- Hans Weber
- November 29, 2023
Ratification of Istanbul Convention Faces Opposition in Czech Senate Committees
Efforts to ratify the Istanbul Convention, the Council of Europe Convention on Preventing and Combating Violence Against Women and Domestic Violence, are encountering resistance within the Czech Senate. None of the Senate committees tasked with examining the Convention’s ratification have yet voted in favor of it. Today, the Senate foreign committee declined to recommend ratification, deeming it redundant. Similarly, the committee for EU affairs expressed concerns about the lack of clarity in interpreting certain parts of the Convention.
The Istanbul Convention, which aims to combat domestic violence and gender-based violence, has faced opposition primarily from conservative politicians. In July, the upper house’s constitutional and legal committee rejected the Convention, labeling it an ideological document. This committee, along with the EU affairs committee, urged the Ministry of Justice to enhance protections for victims of domestic violence independently.
The Convention’s ratification has generated strong emotions within Czech society. Supporters believe that its implementation would enhance victim assistance programs and symbolize the nation’s commitment to condemning violence. However, opponents, including conservative groups and Christian churches, contend that the Convention favors women over other victim groups and demands societal and relational changes that they view as problematic.
The Czech Republic’s delay in ratifying the Convention contrasts with the majority of EU member states that have adopted it. While member states collectively agreed to join the Convention, the Czech Republic, Bulgaria, Hungary, Slovakia, and Turkey have exhibited resistance or hesitancy.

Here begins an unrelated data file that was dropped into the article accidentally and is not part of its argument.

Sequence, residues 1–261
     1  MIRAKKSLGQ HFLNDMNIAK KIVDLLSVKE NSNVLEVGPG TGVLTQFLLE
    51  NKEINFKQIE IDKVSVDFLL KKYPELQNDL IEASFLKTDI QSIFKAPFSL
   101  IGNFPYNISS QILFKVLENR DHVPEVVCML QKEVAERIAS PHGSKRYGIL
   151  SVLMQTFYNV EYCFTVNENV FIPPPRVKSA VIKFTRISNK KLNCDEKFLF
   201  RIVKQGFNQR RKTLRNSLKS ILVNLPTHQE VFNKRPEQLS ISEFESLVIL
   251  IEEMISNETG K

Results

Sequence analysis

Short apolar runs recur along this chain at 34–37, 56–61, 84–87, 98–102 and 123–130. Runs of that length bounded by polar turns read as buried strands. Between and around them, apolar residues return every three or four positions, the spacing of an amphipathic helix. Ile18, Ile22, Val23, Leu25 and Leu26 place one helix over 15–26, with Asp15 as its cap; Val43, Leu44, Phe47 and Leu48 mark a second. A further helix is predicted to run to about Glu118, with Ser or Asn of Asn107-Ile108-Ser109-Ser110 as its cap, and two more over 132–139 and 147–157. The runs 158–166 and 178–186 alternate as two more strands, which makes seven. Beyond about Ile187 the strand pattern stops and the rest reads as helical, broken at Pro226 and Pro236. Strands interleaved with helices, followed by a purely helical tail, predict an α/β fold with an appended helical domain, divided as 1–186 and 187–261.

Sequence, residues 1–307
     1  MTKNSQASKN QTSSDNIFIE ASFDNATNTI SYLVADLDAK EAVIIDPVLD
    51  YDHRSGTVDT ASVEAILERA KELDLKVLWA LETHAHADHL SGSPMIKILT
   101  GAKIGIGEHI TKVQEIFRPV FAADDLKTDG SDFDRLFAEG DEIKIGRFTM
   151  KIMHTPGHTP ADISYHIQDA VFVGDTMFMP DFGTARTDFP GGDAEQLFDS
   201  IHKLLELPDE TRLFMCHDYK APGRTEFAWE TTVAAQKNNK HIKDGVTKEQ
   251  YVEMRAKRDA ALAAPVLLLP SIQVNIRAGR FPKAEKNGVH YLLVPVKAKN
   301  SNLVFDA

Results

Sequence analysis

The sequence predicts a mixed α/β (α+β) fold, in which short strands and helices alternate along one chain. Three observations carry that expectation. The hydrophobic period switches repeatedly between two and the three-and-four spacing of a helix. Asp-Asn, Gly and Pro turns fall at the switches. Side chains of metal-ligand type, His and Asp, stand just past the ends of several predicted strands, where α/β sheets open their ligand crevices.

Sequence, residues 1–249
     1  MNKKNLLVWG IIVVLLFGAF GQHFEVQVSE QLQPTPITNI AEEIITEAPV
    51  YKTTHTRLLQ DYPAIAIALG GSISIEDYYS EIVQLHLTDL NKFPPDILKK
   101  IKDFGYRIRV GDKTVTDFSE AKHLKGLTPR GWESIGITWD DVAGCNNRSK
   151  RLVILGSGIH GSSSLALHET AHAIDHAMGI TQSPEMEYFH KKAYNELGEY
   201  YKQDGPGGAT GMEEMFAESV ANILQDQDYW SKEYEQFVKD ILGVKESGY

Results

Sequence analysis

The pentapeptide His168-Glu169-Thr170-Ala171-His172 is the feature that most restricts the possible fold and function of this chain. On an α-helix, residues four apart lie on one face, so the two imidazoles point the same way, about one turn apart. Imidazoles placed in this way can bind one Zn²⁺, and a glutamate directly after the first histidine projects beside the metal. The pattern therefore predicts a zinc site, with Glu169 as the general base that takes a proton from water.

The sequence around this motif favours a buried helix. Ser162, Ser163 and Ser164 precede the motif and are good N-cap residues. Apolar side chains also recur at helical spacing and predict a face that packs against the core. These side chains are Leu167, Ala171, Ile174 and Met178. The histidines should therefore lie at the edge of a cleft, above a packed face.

Amidst the internal debate, the Government Commissioner for Human Rights, Klara Simackova Laurencikova, positioned the Convention as a crucial tool for implementing prevention and victim support programs. Simackova Laurencikova stressed that the country’s delay in adopting measures against violence is concerning, as negative patterns of behavior can persist across generations.
The Convention’s provisions encompass medical support for victims of sexual violence, legal and psychological aid, shelters, and training for various professionals like health workers, police officers, and judges. It emphasizes engaging men and boys in prevention efforts and working with violent individuals.
As the Czech Senate’s committees continue to deliberate, the nation’s stance on the Istanbul Convention remains uncertain. The ongoing debate underscores the complexities of navigating social, cultural, and political considerations when addressing critical issues like gender-based violence and domestic abuse.
Article by Prague Forum